From Down Under, A Paprikash To Warm You All Over

This paprikash recipe may be well-traveled — from Hungary to Australia — but its belly-warming comforts haven't changed a bit. i i

This paprikash recipe may be well-traveled — from Hungary to Australia — but its belly-warming comforts haven't changed a bit. Courtesy of HarperCollins hide caption

itoggle caption Courtesy of HarperCollins
This paprikash recipe may be well-traveled — from Hungary to Australia — but its belly-warming comforts haven't changed a bit.

This paprikash recipe may be well-traveled — from Hungary to Australia — but its belly-warming comforts haven't changed a bit.

Courtesy of HarperCollins

For many people, paprikash means winter. After all, it's a dish fit for cold, gray days: A belly-warming mix of meat and spices, it's the perfect cure for the doldrums of late January.

For Merelyn Chalmers, though, the classic Hungarian casserole recalls someone far dearer: her mother, Yolanda. A survivor of Auschwitz, Yolanda had rebuilt her life in Perth, Australia, after the war. "My mum was Hungarian," Chalmers explains. "We ate paprikash probably five nights a week. This was something that she just threw together when I wasn't feeling well."

Merelyn and her mother both considered it a "nothing special" dish, one that was just thrown together in a pressure cooker. But when Merelyn moved to Sydney many years later, she was surprised to learn it was also a favorite among other daughters of Hungarian women. "We have quite a large Hungarian population, and they had all grown up on the same dish."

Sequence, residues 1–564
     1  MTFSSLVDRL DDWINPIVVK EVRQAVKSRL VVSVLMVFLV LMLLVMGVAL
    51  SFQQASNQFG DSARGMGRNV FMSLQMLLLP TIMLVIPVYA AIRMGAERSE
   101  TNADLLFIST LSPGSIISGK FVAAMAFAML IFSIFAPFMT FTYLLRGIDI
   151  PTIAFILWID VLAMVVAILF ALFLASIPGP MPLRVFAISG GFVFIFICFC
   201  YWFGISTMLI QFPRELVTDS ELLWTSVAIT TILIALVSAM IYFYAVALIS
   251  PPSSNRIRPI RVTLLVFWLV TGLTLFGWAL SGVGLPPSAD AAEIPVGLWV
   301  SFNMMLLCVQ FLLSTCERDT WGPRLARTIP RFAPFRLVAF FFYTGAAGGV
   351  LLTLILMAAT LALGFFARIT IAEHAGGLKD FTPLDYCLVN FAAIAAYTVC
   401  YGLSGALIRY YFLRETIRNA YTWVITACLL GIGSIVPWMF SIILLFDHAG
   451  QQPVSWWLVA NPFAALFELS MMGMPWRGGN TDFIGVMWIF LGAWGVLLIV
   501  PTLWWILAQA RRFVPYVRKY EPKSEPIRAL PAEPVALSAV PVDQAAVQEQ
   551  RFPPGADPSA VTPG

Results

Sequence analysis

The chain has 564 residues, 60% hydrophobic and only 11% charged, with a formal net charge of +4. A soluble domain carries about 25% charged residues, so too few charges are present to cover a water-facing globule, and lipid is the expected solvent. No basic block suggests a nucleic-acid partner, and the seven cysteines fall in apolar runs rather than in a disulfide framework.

The Monday Morning Cooking Club gather round the kitchen table. i i

The Monday Morning Cooking Club gather round the kitchen table. Courtesy of HarperCollins hide caption

itoggle caption Courtesy of HarperCollins
The Monday Morning Cooking Club gather round the kitchen table.

The Monday Morning Cooking Club gather round the kitchen table.

Courtesy of HarperCollins

Chalmers is now one of the women behind Australia's Monday Morning Cooking Club, a group dedicated to collecting recipes from the best home cooks in Sydney's Jewish community. The group very much wanted to include the recipe for Mum's Rice Paprikash – "mum" being Chalmers' late mother.

And her mom passed down a few tricks for her paprikash. Chalmers says, "My mother would put in a touch of garlic and a little bit of carrot to give it a little bit of extra sweetness – only a little."

Even half a world away and many years removed, Chalmers makes the dish herself several times a winter. And it still calls comforting memories to mind.

"For me personally, it's like mother's milk. It is tenderness emotionally, as well as tenderness in the bite of the meat." And, she adds, "It really minds me of my mum."

Monday Morning Cooking Club

The Food, the Stories, the Sisterhood

by Merelyn Frank Chalmers, Natanya Eskin, Lauren Fink, Paula Horwitz, Jacqui Israel and Lisa Goldberg

Paperback, 271 pages | purchase

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Monday Morning Cooking Club
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Mum's Rice Paprikash

Makes about 6 servings

80 mL (1/3 cup) olive oil

1 kg veal shin (off the bone), cut into large dice

3 large onions (500 g), very finely chopped

60 mL (1/4 cup) white wine

500 mL (2 cups) boiling water

2 cloves garlic, crushed

1 red capsicum, sliced

1 heaped tablespoon mild paprika

1/4 teaspoon cayenne pepper, or to taste

220 g (1 cup) long-grain rice

2 carrots, peeled and cut into chunks

1 small tomato, chopped

Heat the olive oil in a frying pan on a medium-high heat and fry the veal until very brown. Remove from the pan and set aside. Add the onions to the pan and fry until very brown, adding more oil if necessary.

Return the veal to the pan and add the wine and boiling water. Add the garlic, capsicum, paprika and cayenne pepper. Bring to the boil, then reduce the heat and simmer for 30 minutes.

Add the rice, carrots and tomato, stir to combine, then continue to simmer for a further 30 minutes, or until the veal is tender and the rice is cooked. Stir regularly and add more boiling water as required. Season to taste with salt and freshly ground black pepper.

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